Chances are when a Hernando County commissioner said Tuesday that budget "Armageddon" is upon us, you barely took notice.
By now, we've all become numb to cries of public funding distress and assume that behind all of them is some amount of political posturing and poor-mouthing.
And because things are bad all over, especially in this flat-busted state, maybe you assume Hernando is no more strapped than any other Florida county.
But I'm here to tell you that, even though some commissioners may in fact have been trying to scare either voters or the county's constitutional officers, the distress is real and so is the possibility of shutting down entire departments.
Not only that, our county has lost more tax revenue in recent years — and made up less of it by increasing property tax rates — than all but a few counties in Florida.
The first clue, not exactly a subtle one, is the headline stripped across the top of Wednesday's Pasco Times: "County agrees to tax hike."
Actually, Pasco commissioners on Tuesday quietly agreed to a possible roll-back property tax rate — not actually an increase for most homeowners, just enough of an increase in the tax rate to compensate for the anticipated loss in revenue caused by falling property values. This would be the second time since 2009 the Pasco commission has approved the roll-back rate, said county budget director Mike Nurrenbrock, who was able to convince commissioners that the rate was needed to keep services from crumbling.
"At a certain point, it gets to be a quality of life issue," Nurrenbrock said.
In Hernando, meanwhile, the commission seems poised to resist anything close to the roll-back rate, which has been the case ever since tax revenues started plunging in 2008.
Combined with possible Medicaid repayments to the state and a loss of library grants the county has relied upon heavily in recent years, here is what this will probably mean:
Neglected parks, shuttered libraries, crippled Code Enforcement, more Animal Services horror stories — a county that, when it comes to providing the kind of basic services that help lure investors and new residents, will lose even more ground, not only to its immediate neighbor, but also to counties throughout the state.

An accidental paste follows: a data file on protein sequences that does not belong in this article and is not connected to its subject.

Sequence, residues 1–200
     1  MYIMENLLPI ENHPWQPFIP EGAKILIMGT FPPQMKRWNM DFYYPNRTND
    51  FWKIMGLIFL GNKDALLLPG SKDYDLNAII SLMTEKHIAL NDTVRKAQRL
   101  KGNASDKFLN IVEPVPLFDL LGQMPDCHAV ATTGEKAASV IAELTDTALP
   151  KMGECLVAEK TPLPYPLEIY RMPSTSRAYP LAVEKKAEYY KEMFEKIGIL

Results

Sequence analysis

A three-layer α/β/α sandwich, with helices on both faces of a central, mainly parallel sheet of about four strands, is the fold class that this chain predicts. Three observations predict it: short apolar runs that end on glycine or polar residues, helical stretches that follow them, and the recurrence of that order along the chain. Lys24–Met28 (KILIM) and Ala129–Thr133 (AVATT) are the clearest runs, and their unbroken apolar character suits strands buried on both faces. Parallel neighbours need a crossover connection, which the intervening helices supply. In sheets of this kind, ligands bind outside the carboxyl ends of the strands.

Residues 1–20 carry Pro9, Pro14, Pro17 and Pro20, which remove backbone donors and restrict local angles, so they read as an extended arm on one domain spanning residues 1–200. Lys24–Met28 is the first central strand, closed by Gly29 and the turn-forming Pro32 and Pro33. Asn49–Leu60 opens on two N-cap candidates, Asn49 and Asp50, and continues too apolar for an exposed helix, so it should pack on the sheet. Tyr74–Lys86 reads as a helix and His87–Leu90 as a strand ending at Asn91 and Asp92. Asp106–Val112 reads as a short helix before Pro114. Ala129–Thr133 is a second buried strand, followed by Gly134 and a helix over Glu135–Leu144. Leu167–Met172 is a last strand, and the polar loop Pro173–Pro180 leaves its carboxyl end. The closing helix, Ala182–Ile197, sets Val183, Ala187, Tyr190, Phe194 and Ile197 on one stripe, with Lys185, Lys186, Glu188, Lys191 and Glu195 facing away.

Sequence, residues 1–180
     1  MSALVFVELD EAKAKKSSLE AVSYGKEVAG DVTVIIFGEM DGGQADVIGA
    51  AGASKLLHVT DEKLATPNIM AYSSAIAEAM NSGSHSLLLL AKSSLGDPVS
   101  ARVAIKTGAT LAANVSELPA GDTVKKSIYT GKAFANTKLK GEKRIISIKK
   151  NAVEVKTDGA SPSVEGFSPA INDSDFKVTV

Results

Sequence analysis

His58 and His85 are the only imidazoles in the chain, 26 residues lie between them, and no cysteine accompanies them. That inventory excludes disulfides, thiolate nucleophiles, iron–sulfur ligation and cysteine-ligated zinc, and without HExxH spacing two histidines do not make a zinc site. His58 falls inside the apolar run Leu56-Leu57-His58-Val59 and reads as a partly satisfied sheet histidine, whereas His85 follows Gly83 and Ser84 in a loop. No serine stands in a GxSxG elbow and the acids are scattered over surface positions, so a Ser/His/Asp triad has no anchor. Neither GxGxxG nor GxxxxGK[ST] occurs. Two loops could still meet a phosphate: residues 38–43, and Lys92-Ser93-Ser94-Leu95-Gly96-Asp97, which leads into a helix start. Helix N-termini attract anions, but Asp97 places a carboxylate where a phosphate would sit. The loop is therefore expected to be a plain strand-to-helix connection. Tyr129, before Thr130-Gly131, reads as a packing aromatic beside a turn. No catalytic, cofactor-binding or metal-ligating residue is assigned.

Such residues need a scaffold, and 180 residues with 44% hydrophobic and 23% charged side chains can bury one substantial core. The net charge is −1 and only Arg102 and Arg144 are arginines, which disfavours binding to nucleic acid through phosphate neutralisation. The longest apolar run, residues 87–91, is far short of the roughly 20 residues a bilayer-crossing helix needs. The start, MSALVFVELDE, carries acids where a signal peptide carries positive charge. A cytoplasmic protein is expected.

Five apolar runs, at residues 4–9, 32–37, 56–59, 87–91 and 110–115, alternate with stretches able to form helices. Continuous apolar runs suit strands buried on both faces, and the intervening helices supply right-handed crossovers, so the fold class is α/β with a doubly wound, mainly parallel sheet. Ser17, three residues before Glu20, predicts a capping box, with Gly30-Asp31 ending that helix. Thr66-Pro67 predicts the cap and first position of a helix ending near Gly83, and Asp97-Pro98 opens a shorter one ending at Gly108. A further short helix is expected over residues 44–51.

Since 2009, the Florida Association of Counties has compiled charts showing how much property values have declined each year and how much property tax rates have increased to compensate.
Basically, it's a measure of how bad the bleeding is and how much county commissions have done to stop it. And it makes the good doctors on the Hernando commission look like the type who are only interested in chatting about their golf games while standing knee deep in gore.
In 2009, the gap between the amount the county expected to raise from its millage rate was 21 percent below the roll-back rate, eighth-highest of 67 counties in the state. The next year, its ranking was the same. And last year, despite a slight increase in the property tax rate, the gap was still the fifth-highest in Florida.
This is not a complete funding comparison. But it corresponds not only to the news from Pasco but also to a recent report from Florida TaxWatch that showed per-capita tax revenue in Hernando is among the very lowest in the state.
What's the explanation, other than that the foreclosure crisis and sinkhole claims have driven down prices here even more steeply than in most of Florida?
Well, for one thing, we lack Pasco's steady leadership — a county administrator and budget chief who have served for decades and whose advice about the county's needs carries real weight with the public and commissioners.
And even though, obviously, we have no monopoly on no-new-taxes demagogy — boy, we sure have our share.
It's the fallback strategy of two of our commissioners, Wayne Dukes and Jim Adkins. And you have to feel for a more responsible commissioner, such as John Druzbick, who faces a Republican primary battle with Jason Sager, who in a flier for an upcoming fundraiser promises to bring "More Liberty, Less Government to Hernando County!"
Don't be fooled. At this point, anyone who calls for shrinking our local government is really talking about destroying it.